In conclusion, hDFCs can hold neuroregenerative abilities and be utilized as a practical cellular resource for the treatment of SCD. Implanted hDFCs can survive and tend to differentiate towards oligodendrogenic lineage in the microenvironment of spinal cord defect. Aligned electrospun fibers can not only support spinal cord structure but also induce cell polarity and permit nerve fibers to pass through. This strategy can be considered alternative proposals for the SCD regeneration studies.
|SCD:||Spinal cord defect|
|DFCs:||Dental follicle cells|
|hDFCs:||Human dental follicle cells|
|AEM:||Aligned electrospun PCL/PLGA material|
|SHED:||Atem cells from human exfoliated deciduous teeth|
|IOD:||Integral optimal density|
|AEM-hDFCs:||Aligned electrospun PCL/PLGA material with human dental follicle cells being seeded|
|BBB rating scale:||Basso-Beattie-Bresnahan rating scale.|
Conflict of Interests
The authors declare that there is no conflict of interests regarding the publication of this paper.
This study was supported by National Basic Research Program (China, 2010CB944800), National High-Technology Research and Development Program (China, 2011AA030107), Nature Science Foundation of China (China, 81271095, 81271119, 81200792, and 30973348), International Cooperation Program of China (China, 2013DFG32770 and 2011DFA51970), Doctoral Foundation of Ministry of Education of China (20110181120067 and 20110181110089), Trans-Century Training Programme Foundation for the Talents of Humanities and Social Science by the State Education Commission (China, NCET-13-0385), Key Technology R&D Program of Sichuan Province (2012SZ0013, 12ZC0493, 13ZC0971, 2013GZX0158, and 13ZC0979), and Basic Research Program of Sichuan Province (2011JY0125, 12JC0212, and 2013JY0019). The authors would like to thank Gang He, Ph.D., from College of Materials Science and Engineering, Sichuan University, for help in quantitative analysis of the orientation of electrospun fibers.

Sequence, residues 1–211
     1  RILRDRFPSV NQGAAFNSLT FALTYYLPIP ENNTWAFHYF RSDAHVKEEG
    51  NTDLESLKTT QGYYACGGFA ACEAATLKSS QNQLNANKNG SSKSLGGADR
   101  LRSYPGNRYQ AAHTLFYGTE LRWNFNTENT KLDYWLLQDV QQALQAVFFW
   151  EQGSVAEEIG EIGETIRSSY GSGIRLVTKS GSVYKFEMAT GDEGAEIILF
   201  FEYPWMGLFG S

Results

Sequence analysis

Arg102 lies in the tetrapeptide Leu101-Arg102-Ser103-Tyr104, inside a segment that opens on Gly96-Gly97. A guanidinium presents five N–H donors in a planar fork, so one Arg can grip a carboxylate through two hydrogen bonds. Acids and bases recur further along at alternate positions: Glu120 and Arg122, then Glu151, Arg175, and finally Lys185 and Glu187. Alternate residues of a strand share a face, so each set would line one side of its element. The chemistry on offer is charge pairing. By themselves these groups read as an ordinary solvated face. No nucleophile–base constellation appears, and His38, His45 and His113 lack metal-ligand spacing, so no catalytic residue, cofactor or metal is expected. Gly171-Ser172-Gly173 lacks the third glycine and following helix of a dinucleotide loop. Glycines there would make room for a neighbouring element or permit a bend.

- J. W. Rowland, G. W. Hawryluk, B. Kwon, and M. G. Fehlings, “Current status of acute spinal cord injury pathophysiology and emerging therapies: promise on the horizon,” Neurosurgical Focus, vol. 25, no. 5, article E2, 2008.
- J. M. Schwab, K. Brechtel, C.-A. Mueller et al., “Experimental strategies to promote spinal cord regeneration—an integrative perspective,” Progress in Neurobiology, vol. 78, no. 2, pp. 91–116, 2006.